(Editor’s note: This is the final of seven articles that explains the duties and responsibilities of personnel elected to fill the various county offices which are up for election in 2022)

 

While 2022 may seem a long way away , it is closer than you may think. All personnel running for county elected positions must file to run by December 17 of this year for the primary election on March 1, 2022, less than a year away.

Candidates will soon be posting yard signs and starting their campaign as to why they should be the one elected to fill a particular position. Now is the starting time for each of us to decide whom we want to make those decisions that affect us economically as well as potentially our value system.

 The County Judge in a county the size of Rockwall is essentially the CEO of the county. He has no judicial duties and essentially is the administrative head of the county in conjunction with the Commissioners Court. He is the presiding officer of the Commissioners Court.

He also is the budget officer for the county responsible for the preparation of the county budget. He also, and this is a big responsibility now, is the head of emergency management in the county.

 The County Judge is not required to be a lawyer, and in Rockwall County the Judge has no judicial responsibilities. For smaller counties that do not have a “Court-at-Law” established, the County Judge does preside over misdemeanor criminal and civil cases, probate cases and JP appeals. Rockwall County has two of these Court-at-Law, thus the County Judge has none of this responsibility.

 The salary of the County Judge is $102,069 per year with a car and phone allowance of an additional $4,920. The Judge is also a participant in a very good county medical and retirement system.

The Judge is elected every four years. There are no special qualifications needed by an individual to run for Judge. After elected the individual must obtain 30 hours of continuing education and then 16 additional hours each year in office.

 People have asked me how a judge can be removed from office. Title 3 of the Local Government Code, Chapter 87.001 outlines the narrow reasons for such an action. These reasons are: Incompetency, Official Misconduct, or Intoxication on or off duty caused by drinking an alcoholic beverage. A District Judge can remove a County Judge for any of these reasons.

 People have also asked me what it was like to be the County Judge and what were the pros and cons as well as what I tried to do as the Judge. To me, being the County Judge of Rockwall County was a great honor and a great experience. I had led men and women in both industry and the Army; but never in an elected position as a “politician.”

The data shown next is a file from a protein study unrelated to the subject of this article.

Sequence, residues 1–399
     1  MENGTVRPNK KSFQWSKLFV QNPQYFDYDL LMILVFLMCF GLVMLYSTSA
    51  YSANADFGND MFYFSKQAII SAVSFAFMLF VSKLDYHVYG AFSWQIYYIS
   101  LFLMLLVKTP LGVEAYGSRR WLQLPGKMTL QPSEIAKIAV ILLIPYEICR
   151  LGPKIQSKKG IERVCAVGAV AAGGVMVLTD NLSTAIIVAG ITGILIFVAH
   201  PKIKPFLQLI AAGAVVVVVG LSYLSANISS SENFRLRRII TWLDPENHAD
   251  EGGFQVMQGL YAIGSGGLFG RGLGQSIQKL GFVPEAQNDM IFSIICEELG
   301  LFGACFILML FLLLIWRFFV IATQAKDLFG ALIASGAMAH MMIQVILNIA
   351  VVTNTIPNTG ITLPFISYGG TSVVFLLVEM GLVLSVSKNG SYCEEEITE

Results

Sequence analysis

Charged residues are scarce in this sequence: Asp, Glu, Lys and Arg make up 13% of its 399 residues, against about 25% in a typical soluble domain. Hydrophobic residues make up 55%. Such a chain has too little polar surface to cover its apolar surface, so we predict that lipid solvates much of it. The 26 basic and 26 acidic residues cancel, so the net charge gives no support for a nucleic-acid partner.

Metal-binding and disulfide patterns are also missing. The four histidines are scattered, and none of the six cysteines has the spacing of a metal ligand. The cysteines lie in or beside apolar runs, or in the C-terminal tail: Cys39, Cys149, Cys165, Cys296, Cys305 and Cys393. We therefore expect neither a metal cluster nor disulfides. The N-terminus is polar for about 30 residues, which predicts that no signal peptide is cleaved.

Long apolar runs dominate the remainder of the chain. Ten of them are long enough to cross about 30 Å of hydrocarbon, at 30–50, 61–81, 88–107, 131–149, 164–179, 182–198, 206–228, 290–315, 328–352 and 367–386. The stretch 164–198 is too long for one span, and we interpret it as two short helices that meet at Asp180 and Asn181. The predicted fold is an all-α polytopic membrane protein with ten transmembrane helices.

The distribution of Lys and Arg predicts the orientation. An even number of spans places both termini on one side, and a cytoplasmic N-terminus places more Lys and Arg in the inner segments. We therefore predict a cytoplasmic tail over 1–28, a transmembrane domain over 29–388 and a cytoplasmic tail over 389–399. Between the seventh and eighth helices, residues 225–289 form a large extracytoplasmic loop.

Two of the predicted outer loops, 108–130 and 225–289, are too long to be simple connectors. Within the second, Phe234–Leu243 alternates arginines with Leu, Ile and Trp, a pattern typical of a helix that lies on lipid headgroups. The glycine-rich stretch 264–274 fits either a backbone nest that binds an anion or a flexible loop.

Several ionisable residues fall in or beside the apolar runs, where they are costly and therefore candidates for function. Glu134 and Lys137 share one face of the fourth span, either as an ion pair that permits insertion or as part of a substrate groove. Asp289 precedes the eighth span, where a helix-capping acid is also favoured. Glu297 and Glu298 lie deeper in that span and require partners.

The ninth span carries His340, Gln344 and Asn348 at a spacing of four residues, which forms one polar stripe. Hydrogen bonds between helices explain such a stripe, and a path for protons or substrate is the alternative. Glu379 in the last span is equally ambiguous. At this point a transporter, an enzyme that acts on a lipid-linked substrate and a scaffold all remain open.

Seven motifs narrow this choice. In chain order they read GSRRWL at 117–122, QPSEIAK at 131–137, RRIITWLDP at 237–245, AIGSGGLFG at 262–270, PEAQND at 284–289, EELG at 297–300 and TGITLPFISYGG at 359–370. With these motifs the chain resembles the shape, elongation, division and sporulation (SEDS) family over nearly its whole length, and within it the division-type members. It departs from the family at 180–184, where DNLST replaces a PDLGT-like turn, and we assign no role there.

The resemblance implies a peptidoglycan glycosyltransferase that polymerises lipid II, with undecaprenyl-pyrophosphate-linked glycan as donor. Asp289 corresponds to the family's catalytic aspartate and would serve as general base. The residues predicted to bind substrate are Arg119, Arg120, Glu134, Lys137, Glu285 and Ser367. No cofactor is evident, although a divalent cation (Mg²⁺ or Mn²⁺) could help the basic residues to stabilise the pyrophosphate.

I must admit that when first elected, I really didn’t know very much about the job. As an example, on my very first day, I walked into my office early in the morning to hear a phone ringing. Since no one else was yet in, I answered the phone.

This lady asked me if I was the County Judge and when I replied yes, she said that she was told if she called me, I would bury her husband as they didn’t have any money. I had no idea what she was talking about so asked her to give me her number and I would call her back.

Of course, when the office very able assistant came in, she explained about indigent burial which the county provided. That just proved to me once again to rely upon the experts to solve some problems that I didn’t even know about!

 I believe the County Judge sets the tone for the county officials and employees. I always wore a shirt, tie, and suit when in the office. We were a professional organization and I wanted people to see that on their first impression; not a cowboy or cheer leader type organization with people running all over the place and making all kinds of statements on Facebook rather than tending to the business of the county.

 I tried to focus on the efficient running of the everyday county operations, but I wanted to really focus on the strategic view of what the county needed to be as we continued to grow and expand with more commerce and more population.

 Getting the public involved with this planning was important to me. Plans that the citizens put together work a lot better than ones dictated by elected officials.

 Each Judge elected selects his important issues. To me, a strategic focus is essential for a fast-growing county like Rockwall County. When I became Judge, we were just starting to come out of an economic recession; our population was about 50,000; neither Fate or Royse City even had a grocery store; McLendon-Chisholm was just a spot beside the road; and Heath and Rockwall were getting ready to start expanding.

 Now our population is over 100,000 and headed quickly toward 250,000; all the towns and cities are becoming full blown municipal areas. We are on the cusp of becoming a large metropolitan county and we need to be prepared. That is where our emphasis is needed by our elected officials.

Jerry Hogan is a former Rockwall County Judge and can be reached at 214-394-4033.

 

 

 

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